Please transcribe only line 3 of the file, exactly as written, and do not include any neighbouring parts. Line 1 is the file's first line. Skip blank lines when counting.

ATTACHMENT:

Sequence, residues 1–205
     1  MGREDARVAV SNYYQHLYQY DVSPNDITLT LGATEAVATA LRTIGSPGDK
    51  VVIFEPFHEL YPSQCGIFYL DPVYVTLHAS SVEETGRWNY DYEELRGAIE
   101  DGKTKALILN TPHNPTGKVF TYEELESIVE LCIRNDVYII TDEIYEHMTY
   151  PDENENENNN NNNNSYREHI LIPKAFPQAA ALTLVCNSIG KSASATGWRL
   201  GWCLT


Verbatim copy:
    51  VVIFEPFHEL YPSQCGIFYL DPVYVTLHAS SVEETGRWNY DYEELRGAIE